Let us turn our minds to less inflammatory issues. Where are you headed?

 

AMBLEY

I'm on to the Genesee. Not exactly sure what all's up there, but, you know, it holds possibilities. For a businessman. I consider myself that.

 

ELDRED

What is your business?

 

AMBLEY [laughing]

That hasn't been exactly decided yet. It would depend on what needs I find up there. What got you comin' here?

 

ELDRED

Have you heard of Mr. Joseph Priestley?

 

AMBLEY [scratches his chin]

Can't say. No, don't think so.

 

ELDRED

He discovered oxygen.

 

AMBLEY [attempting to look like he knows what that is]

Huh! What'd he do with it?

 

ELDRED

Gave it to science. But he also acquired a great deal of property in Pennsylvania. In this area, I am the agent for his son. Mr. Priestley the scientist is deceased.

 

AMBLEY

So this is his land?

 

ELDRED [nods]

A small bit, really. Though now mine in name, formally deeded to me but recently.

 

both are silent for awhile. Eldred lights his pipe.

 

MARY [entering with a plate of biscuits]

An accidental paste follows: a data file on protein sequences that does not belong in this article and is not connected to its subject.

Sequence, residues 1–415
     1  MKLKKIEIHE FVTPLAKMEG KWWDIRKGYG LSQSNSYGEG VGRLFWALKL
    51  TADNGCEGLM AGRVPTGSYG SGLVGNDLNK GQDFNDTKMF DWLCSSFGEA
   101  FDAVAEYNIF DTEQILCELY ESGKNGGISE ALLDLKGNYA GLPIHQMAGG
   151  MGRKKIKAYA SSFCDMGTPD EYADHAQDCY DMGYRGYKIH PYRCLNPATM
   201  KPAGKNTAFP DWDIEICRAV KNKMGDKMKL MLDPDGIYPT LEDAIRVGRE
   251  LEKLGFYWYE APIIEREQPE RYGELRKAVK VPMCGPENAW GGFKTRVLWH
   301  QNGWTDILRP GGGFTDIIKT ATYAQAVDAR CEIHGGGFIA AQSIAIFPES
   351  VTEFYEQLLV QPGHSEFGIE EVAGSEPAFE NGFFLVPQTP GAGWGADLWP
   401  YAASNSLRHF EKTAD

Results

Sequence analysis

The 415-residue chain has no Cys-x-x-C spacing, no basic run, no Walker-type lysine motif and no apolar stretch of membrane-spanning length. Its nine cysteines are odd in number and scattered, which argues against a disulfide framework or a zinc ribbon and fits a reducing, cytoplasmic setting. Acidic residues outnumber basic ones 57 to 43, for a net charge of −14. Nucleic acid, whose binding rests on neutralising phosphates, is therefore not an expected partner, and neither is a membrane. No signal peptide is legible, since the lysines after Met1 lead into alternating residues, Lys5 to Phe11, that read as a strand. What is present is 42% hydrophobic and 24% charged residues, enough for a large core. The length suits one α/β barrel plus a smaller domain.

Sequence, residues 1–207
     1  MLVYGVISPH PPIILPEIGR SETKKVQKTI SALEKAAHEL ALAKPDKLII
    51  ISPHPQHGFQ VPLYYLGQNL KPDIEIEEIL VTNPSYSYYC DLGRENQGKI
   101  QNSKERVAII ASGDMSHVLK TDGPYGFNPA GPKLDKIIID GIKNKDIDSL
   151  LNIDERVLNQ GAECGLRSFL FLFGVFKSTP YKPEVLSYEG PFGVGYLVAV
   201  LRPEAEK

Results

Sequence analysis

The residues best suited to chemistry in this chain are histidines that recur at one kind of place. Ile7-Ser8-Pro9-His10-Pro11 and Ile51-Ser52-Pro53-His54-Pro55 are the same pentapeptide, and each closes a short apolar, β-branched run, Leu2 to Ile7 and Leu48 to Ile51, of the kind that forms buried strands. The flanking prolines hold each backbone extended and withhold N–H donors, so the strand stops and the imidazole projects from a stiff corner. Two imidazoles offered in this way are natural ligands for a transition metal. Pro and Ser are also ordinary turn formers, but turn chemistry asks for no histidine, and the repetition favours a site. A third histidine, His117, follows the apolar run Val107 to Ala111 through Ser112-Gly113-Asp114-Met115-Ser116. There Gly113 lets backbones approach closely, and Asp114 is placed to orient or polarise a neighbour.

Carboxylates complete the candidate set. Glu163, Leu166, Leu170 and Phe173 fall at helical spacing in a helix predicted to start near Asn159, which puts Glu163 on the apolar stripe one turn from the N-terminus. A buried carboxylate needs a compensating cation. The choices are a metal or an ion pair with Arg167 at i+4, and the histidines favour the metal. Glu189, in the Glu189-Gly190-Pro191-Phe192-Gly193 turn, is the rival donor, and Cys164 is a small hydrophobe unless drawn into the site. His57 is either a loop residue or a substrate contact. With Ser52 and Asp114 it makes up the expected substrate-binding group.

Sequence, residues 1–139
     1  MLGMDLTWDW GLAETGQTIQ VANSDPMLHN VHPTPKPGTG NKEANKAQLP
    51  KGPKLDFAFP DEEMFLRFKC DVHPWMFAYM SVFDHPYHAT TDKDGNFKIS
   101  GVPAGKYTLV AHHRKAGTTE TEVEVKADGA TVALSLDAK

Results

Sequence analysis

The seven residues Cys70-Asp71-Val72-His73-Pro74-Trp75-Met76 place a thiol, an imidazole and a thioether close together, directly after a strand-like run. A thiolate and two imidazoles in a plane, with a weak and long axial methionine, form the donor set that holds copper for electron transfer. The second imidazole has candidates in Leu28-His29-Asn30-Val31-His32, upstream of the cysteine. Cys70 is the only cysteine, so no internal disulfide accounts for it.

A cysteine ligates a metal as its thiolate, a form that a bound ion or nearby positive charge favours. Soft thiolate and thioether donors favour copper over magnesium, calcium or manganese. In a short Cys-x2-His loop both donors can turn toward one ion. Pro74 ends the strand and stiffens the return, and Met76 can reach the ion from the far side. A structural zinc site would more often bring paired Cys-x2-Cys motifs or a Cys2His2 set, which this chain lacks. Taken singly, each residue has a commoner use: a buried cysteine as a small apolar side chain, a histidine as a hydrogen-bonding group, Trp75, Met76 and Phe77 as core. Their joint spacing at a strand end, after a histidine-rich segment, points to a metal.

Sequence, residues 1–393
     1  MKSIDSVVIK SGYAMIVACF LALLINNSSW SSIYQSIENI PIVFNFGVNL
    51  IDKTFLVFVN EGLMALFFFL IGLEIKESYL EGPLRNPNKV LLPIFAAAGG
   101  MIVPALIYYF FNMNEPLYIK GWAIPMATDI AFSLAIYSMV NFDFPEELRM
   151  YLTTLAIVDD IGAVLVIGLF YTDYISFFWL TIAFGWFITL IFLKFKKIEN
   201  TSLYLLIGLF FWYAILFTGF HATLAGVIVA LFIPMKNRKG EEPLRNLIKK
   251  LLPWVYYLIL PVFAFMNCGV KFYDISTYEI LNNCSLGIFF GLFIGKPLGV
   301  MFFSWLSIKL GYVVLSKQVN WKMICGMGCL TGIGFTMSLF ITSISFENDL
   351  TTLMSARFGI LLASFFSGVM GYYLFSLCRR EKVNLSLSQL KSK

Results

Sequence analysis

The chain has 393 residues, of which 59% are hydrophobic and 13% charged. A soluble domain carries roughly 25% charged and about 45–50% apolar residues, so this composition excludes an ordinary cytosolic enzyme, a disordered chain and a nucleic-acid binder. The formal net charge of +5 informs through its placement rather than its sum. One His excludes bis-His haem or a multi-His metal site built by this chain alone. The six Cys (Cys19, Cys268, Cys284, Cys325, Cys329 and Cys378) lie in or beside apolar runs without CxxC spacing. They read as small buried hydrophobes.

You must be hungry after your ride.

 

AMBLEY [somewhat surprised]

Now you mention it.

 

MARY

Would a few fresh biscuits suit you?

 

AMBLEY

Fresh! If it was fresh I'd eat the leg offen this chair.

 

Mary sets the biscuits on the table, then busies herself with knitting.

 

AMBLEY

Ya know, I couldn't figure the layout of this place when I come to it.

 

ELDRED

It is four buildings placed around a square, which square becomes the fifth, interior building. Though the fifth building may end up simply an exercise of my imagination.

 

AMBLEY

What brought you to erect such a thing?

 

ELDRED

The road to Genesee. When it was put through a few years back, I was inundated with travelers, 10 or 20 wagons at times. Nowhere to sit them all, much less proper rooms, so now there is a place for them and a living for myself. Beyond my duties.

 

AMBLEY

Duties?

 

ELDRED

As justice of the peace for this region of Lycoming County.

 

AMBLEY

So yer fixed here?

 

ELDRED

Like a stake in a vampire.

 

both laugh.

 

MARY

We are both quite contented with our life here. Do you plan to stay a bit? It looks like we're in for more than a little snow.

 

AMBLEY

I was goin' to get along come morning. Might beg off the trip awhile, though. Comfor'ble here, an' the weather's no good friend.

 

MARY

You are welcome for as long as you can abide the accommodations.

 

AMBLEY

Darn fine 'commode – commodations. I miss my wife and children, though. You two have children?